I mean... 10 days isn't a 'long' time for a big company like this to 'find' and then 'report' a big, especially of THIS magnitude

    • You don't think it could take 10 days to find a flaw, fix it, make sure you've fixed it, and roll the fixes out to prod? And then "notif[y] some infrastructure providers under embargo" and let them fix it and roll it out to prod?

      You may disagree with Google looking out for themselves first here, but the fact is they'd be negligent (and foolish) to spread this more widely until they'd ensured it was fixed for themselves and (by extension) their customers/users.

      • Yeah, if that's what happened. But that's not what the article says.

        It says that on March 21st, Google had already fixed the flaw and rolled out the patches internally. Fine; they get to cover their own asses first. No argument.

        Then a week went by.

        • You must be reading a different article than I am. I see "The patch is then progressively applied to Google services/servers across the globe." which implies to me that the 21st was the start of the clock. I could easily imagine that it would take several days to update everything.

          Then the clock starts ticking for whoever the "infrastructure providers under embargo" are. I emphasized "then" in my original post - presumably they wouldn't share the flaw even with trusted partners until they'd fixed it themsel

    • by Anonymous Coward

      Why did Google wait ten days before notifying OpenSSL? (even if they didn't trust OpenSSL to handle it responsibly, it couldn't have taken ten days for Google to patch their systems)
      Are you serious? They can see that there is a problem, but a patch or fix is not necessarily readily available. It would take a small team --very well versed in cryptography and networking-- several days to wade through all of the code. OpenSSL might sound like a nice little library, but is over 370,000 lines of source code,

  • Damn sleep... (Score:3, Interesting)

    by Anonymous Coward on Monday April 14, 2014 @06:27PM (#46751545)

    Ubuntu, Gentoo and Chromium attempted to get a heads up by responding to an email with few details about it but didn't, as the guy at Red Hat sending the disclosure messages out in India went to bed.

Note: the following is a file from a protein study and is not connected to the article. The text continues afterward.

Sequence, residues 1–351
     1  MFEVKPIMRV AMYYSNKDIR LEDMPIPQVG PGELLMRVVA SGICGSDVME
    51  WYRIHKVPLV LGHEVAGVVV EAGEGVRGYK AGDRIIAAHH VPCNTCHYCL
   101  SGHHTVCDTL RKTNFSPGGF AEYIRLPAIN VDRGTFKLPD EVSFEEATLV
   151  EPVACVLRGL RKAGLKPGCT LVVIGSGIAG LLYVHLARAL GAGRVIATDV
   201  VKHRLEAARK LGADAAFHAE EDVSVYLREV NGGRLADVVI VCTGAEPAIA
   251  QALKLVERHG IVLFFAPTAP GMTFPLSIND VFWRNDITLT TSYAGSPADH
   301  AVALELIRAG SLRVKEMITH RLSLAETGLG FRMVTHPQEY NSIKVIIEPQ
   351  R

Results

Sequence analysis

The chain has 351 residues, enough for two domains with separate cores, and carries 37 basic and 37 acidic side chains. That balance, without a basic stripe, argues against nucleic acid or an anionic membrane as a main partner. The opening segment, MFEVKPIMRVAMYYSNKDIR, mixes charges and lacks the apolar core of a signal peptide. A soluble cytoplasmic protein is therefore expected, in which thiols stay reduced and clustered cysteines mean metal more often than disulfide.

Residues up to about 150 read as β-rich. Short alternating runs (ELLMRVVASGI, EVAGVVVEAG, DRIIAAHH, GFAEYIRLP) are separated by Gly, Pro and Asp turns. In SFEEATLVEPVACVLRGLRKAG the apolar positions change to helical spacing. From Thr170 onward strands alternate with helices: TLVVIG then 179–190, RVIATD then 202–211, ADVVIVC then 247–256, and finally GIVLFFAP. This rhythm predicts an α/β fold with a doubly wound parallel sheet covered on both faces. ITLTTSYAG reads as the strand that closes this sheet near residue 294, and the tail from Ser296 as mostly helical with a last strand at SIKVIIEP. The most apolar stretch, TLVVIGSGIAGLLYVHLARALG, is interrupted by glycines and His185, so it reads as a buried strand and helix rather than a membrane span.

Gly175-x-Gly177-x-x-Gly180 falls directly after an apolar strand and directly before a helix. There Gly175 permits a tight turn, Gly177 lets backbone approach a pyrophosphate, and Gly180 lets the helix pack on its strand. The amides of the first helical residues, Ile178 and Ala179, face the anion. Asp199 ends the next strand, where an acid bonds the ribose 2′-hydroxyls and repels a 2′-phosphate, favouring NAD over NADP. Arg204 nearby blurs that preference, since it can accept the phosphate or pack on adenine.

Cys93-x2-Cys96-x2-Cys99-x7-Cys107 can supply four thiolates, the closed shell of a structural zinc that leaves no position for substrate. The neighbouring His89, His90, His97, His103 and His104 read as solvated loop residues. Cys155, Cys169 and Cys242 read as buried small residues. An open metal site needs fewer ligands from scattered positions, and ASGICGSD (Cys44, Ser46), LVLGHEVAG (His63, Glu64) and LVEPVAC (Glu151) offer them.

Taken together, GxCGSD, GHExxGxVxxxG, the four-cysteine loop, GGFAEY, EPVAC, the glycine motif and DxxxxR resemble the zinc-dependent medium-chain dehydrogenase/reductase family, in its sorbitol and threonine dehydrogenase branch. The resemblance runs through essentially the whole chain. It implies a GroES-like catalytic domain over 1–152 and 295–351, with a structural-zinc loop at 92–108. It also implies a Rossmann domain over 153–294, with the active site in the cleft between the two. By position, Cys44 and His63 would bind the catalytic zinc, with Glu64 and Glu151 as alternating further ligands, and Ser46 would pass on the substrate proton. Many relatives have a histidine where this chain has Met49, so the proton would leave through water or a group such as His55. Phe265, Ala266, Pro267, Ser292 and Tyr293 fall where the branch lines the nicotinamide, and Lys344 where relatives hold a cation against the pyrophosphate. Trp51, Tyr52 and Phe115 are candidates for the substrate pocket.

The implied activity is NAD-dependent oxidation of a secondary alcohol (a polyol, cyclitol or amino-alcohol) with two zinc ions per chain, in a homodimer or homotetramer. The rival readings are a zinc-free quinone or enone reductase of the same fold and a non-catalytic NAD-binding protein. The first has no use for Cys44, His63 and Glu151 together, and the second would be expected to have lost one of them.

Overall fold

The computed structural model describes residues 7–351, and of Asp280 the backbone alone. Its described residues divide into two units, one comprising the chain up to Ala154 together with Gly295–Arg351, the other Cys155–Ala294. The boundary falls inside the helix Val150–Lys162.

I don't know why, but this reminded me of Cyril Evans [wikipedia.org]. Never go to bed.

  • by queazocotal (915608) on Monday April 14, 2014 @06:57PM (#46751733)

    There are out there honeypot machines, which log all inbound and outbound packets.
    They can run retrospective analysis of these packets to work out if undetected exploit probes have occurred.

    Is anyone aware of this being done for heartbleed?

    It would be interesting if - for example - it went from no exploits to most honeypots probed 3 months ago.

    • by rainer_d (115765)
      There are various reports that efforts to exploit this vulnerability go back almost as far as the introduction of the bug to various distributions.

      I wonder if someone discovered the bug and sold it to the "vulnerability assessment" industry (which in turn supplies spooks and other government agencies with their exploits so they can perform "lawful interception").
      Such a bug would probably sell for a million these days. Or even more.

      • I don't know what the information about such a vulnerability would sell for.

        Personally, I would recommend turning it into a multi-year deal as opposed a single large bonus check, but I'm old, boring, and practical.

        We just don't know if it was discovered by a TLA or sold to a TLA, but because they would bid the highest at any auction you can conceive, they undoubtedly had it way, way before Google.

  • I don't understand why Sidhpurwala didn't have a back up contact in another time zone that could have been contacted when he was asleep.

  • There's the trouble. Google's disclosure came on a day when nobody believes what they read on the Internet.

Anyone can do any amount of work provided it isn't the work he is supposed to be doing at the moment. -- Robert Benchley

Working...